Papa Rosko, like many musicians, has settled in Nashville. However, when he was growing up, he lived in places like Turkey, the Philippines, Mexico, and Canada. At each stop, he absorbed the music that surrounded him. He fell in love with Caribbean music when he lived in Canada and had a friend from Trinidad.
On his self-titled album, you can tell that he has absorbed and incorporated a lot of different influences into his sound from reggae to blues to country.
Loads of artists have covered “Folsom Prison Blues. It seems like an unwritten rule that rockabilly bands cover the song. But no matter how many different versions of the song you’ve heard, you’ve probably not heard one like the version that opens this album. It features Toots Hibbert and a bass line that is pure reggae. Meanwhile, the slide guitar gives the song a bluesy feel.
“When You Say Nothing at All” is a similar crossover. On this one, Rosko is joined by dancehall artist Gyptian. The melody leans fittingly toward dancehall and ska while the vocals are closer to the country origins of the song.
Rosko inject some social commentary into the album with a couple different songs. Over a rock melody, he sings the very necessary message, “Nobody changed the world just by yelling and screaming.” The whole song is an indictment of what passes for news these days. “1984” is another song with a serious message. He sings about how we have somehow landed in the famous novel by George Orwell. The melody of this one is based in reggae while the instrumental sections are centered around loud rock guitars and some wailing sax. The vocals fit the mood of the song by sounding like they are being broadcast like a news bulletin over loud speakers.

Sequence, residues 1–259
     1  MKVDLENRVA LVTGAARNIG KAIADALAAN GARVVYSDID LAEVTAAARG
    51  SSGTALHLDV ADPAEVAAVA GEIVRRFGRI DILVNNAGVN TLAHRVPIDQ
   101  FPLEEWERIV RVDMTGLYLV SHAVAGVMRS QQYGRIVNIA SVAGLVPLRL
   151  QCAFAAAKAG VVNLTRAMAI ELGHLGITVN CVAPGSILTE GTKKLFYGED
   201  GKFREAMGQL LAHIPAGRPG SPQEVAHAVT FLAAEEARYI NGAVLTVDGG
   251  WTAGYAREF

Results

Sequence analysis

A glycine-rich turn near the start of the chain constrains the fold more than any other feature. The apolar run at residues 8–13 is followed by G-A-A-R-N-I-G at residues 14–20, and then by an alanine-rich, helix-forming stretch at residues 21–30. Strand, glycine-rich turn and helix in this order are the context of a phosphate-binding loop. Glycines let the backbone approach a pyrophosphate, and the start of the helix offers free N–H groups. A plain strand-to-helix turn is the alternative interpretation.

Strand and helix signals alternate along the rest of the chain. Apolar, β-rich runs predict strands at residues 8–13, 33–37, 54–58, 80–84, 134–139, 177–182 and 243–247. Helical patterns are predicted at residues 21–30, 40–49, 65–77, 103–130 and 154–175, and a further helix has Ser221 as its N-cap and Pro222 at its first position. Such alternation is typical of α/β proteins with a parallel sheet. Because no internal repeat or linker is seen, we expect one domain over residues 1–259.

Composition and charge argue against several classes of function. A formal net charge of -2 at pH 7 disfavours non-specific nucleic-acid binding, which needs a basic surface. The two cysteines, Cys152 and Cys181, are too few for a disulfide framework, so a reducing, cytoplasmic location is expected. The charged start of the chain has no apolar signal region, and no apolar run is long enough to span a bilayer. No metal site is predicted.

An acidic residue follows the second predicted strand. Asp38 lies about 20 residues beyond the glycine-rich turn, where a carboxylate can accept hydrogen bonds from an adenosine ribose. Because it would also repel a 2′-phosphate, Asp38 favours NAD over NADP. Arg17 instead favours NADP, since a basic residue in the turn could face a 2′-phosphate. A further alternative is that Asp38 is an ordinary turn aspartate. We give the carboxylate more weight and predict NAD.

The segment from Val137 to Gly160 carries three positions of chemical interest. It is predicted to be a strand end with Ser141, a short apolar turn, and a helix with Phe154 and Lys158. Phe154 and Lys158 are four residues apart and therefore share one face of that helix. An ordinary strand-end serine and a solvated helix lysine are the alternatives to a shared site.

You never know what to expect next on this album, and that’s not a bad thing. You can’t even say that he bounces from one genre to the other. He blends all of his influences into each song, creating a rich sound that is tough to resist. It’s not often that an artist can create an album that appeals equally to fans of various genres, but Papa Rosko has done it on this album.